Rugby World Cup 2019: Wallabies primed for physical quarter-final battle against England

Wallabies captain Micahel Hooper says he and David Pocock are prepared for the physical battle with Tom Curry and Sam Underhill in Australia's Rugby World Cup quarter-final against England. 

The two sets of flankers boast the same ball-hunting modus operandi but hailing from vastly different backgrounds.

Hooper and Pocock will start a 27th test together as "Pooper" and hope their experience can make a difference at Oita Stadium. The pair who share 180 caps between them.

Meanwhile, Underhill, 23, and Curry, 21, have only 28 caps between them and will be starting together for just the fourth time.

They were dubbed the "Kamikaze Kids" by England coach Eddie Jones, for their trail of destruction and unrelenting energy on the playing field.

Hooper was asked if he felt old lining up against the pair who earlier in the week said they were teenagers when they began admiring the Pooper combination's influence on games.

"I look old, I don't know if I feel old," Hooper said.

"As far as experience goes, you could go, yeah, it's great to have experience but also being youthful is of benefit. I have been in their shoes before, being wide-eyed, ready to attack things."

Bath forward Underhill said the Wallabies pair blazed a trail for what is becoming a trend among leading nations.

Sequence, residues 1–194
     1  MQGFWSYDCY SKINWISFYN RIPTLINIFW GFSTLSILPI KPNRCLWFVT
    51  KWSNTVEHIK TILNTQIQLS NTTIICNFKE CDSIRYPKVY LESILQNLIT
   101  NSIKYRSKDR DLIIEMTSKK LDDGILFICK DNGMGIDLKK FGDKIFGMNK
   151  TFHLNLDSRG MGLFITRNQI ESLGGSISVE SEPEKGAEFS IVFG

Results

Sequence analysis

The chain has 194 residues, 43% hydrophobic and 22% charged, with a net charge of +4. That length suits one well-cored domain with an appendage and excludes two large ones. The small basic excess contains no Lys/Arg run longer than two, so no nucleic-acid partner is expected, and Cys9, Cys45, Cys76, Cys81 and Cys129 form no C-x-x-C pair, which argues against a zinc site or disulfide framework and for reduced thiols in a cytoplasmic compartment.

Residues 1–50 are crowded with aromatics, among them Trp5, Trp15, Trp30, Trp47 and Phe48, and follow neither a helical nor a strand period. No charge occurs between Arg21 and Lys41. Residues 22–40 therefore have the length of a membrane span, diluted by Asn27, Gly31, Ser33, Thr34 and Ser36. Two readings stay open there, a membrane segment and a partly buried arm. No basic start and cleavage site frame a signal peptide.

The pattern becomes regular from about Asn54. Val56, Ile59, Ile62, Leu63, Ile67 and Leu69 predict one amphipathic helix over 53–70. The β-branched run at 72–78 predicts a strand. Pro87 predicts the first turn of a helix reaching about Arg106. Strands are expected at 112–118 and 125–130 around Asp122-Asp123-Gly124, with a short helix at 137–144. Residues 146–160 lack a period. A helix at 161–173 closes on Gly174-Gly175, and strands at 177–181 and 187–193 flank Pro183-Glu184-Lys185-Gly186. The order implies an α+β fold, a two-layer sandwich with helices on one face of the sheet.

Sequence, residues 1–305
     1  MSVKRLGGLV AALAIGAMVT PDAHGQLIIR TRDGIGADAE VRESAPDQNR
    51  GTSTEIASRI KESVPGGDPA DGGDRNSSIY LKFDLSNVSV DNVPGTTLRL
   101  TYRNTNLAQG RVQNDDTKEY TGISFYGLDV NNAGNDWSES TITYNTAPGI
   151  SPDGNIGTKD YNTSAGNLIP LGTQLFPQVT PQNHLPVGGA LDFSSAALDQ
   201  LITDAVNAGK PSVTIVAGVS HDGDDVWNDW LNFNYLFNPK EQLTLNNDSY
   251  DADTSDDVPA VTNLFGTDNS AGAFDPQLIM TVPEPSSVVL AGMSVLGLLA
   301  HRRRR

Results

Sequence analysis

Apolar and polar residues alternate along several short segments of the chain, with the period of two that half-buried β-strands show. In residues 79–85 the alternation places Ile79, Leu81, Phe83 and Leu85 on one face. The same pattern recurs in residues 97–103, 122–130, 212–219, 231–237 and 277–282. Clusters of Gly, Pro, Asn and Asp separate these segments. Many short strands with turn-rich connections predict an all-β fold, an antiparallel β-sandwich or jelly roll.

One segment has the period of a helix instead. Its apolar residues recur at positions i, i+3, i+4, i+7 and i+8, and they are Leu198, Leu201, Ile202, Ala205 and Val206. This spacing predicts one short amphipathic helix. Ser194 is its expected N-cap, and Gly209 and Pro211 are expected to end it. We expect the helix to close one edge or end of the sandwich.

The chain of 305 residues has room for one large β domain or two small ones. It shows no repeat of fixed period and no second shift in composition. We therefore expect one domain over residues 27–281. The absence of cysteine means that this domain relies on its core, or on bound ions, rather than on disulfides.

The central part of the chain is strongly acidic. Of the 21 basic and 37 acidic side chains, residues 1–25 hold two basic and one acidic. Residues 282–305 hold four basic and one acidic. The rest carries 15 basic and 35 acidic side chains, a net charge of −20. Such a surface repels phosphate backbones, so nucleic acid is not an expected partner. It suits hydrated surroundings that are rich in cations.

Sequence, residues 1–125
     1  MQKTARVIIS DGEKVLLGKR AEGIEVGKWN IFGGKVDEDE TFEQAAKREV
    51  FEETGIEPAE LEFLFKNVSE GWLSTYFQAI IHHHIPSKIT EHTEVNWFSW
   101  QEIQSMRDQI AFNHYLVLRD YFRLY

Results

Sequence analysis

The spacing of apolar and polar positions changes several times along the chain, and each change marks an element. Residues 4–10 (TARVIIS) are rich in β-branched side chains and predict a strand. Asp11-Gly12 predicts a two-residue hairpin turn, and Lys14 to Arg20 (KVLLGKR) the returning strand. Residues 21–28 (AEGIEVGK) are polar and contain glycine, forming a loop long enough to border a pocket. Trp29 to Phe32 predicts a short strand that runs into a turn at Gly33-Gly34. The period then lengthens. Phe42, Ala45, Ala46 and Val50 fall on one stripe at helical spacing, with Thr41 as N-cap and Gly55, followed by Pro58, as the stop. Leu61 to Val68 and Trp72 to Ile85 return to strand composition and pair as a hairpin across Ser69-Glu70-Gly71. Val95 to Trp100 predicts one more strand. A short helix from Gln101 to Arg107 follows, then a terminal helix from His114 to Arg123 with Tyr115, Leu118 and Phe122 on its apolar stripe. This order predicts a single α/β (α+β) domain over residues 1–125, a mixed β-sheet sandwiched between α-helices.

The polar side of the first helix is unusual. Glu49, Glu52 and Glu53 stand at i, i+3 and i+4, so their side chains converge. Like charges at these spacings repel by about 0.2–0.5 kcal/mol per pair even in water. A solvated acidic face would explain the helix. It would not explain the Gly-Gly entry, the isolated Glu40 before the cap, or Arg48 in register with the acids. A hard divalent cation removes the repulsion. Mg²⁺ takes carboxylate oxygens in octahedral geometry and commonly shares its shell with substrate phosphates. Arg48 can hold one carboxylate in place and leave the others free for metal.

Other leading nations such as New Zealand have reverted to twin openside flankers for the World cup.

"Pocock is probably the best in the world in terms of how strong he is, and his body position. On top of that they have good timing," Underhill said.

"I think timing is probably the most important of the two.

Rugby World Cup 2019: Wallabies primed for physical quarter-final battle against England

"But in a way they are kind of a victim of their own success. You can see how much emphasis teams put on negating players who are good at the breakdown now."

Hooper believed an important factor will be adjusting quickly to the breakdown boundaries established by French referee Jerome Garces.

He and Pocock found success attacking turnover ball in some pool games, which suits the Wallabies' strengths, but definitely not in others.

"I have observed the ruck being refereed a multitude of ways, not any one way in particular. So, it's made it quite tricky there," he said.

Jones backed his tearaways, in conjunction with bullocking No.8 Billy Vunipola, to at least hold their own.

He rated Pocock the best No.7 in the world over the last decade, even eclipsing All Blacks great Richie McCaw, while Hooper had developed into a "massively important" leader for the Wallabies.

"But our two young boys are just getting better every game," Jones said.

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The ninth Rugby World Cup kicks off on September 20 in Japan - the first time it has been hosted in Asia.

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